One of the questions that I often get from patients is about the difference between a reverse total shoulder vs. a total shoulder, and which one is right for them.
There are very specific clinical indications for each so, it’s important that the correct procedure is selected for you based on your situation.
In an anatomic shoulder reconstruction, we replace the humerus, or the ball of the shoulder with a new smooth ball, and we resurface the socket with a nice smooth socket, and we close the soft tissues around the joint. That requires an intact rotator cuff and basically is just limited to arthritis of the shoulder and it has very good outcomes, very good pain relief.
In contrast, there are a number of patients, a growing number of patients actually, who have multiple problems in the shoulder. They have arthritis and they also may have rotator cuff problems. So, in a lot of those settings, instead of doing an anatomic reconstruction, we use a reverse shoulder replacement.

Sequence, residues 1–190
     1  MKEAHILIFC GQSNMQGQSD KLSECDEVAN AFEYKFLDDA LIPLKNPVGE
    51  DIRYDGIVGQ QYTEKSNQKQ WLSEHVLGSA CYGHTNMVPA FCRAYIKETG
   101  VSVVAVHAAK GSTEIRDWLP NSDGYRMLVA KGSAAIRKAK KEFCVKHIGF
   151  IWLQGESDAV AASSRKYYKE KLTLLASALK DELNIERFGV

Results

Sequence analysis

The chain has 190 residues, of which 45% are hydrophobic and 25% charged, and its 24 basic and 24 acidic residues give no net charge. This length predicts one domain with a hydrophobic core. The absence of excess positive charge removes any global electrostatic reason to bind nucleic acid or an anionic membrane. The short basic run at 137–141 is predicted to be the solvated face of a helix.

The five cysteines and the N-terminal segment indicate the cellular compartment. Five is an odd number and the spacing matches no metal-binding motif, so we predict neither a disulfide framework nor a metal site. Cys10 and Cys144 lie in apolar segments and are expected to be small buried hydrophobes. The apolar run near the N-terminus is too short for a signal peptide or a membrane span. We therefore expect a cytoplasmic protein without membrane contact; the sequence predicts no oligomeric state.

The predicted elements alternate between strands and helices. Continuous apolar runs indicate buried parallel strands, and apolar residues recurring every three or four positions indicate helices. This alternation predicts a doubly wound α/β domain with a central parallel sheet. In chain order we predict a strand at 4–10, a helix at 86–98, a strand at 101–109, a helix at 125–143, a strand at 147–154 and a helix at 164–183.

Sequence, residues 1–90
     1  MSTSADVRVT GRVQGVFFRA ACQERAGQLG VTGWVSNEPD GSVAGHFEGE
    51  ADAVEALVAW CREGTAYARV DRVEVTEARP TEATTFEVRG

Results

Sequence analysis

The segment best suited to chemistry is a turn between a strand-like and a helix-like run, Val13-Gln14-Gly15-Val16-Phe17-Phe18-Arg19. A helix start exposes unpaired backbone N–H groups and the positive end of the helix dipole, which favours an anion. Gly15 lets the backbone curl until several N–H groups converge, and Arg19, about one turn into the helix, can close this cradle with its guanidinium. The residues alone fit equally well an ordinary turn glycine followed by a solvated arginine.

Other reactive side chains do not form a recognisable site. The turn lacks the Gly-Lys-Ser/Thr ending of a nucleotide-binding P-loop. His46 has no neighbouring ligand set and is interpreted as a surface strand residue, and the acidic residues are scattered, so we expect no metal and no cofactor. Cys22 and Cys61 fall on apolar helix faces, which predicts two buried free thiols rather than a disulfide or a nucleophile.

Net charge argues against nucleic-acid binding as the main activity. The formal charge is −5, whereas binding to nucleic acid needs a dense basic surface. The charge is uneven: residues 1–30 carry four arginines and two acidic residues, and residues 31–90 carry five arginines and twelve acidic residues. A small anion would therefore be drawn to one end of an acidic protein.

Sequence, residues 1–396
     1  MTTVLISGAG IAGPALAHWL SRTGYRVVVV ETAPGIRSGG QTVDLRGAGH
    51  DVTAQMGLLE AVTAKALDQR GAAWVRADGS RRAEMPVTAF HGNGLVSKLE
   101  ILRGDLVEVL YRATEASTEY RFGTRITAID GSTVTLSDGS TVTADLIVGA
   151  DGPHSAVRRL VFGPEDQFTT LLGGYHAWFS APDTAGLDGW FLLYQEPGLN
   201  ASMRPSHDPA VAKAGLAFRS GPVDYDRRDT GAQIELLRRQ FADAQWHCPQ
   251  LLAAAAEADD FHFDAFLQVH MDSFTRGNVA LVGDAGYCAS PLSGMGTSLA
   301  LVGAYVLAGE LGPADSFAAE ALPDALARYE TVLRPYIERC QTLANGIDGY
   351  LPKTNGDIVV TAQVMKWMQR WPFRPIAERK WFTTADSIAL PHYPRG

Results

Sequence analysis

That’s where we turn the socket of the shoulder into a ball and we turn the ball of the shoulder into a socket, where it gets its name from. And through that design and through the biomechanics, we’re able to restore function of the shoulder, eliminate pain, and get people back to using their arm for different activities that they enjoy.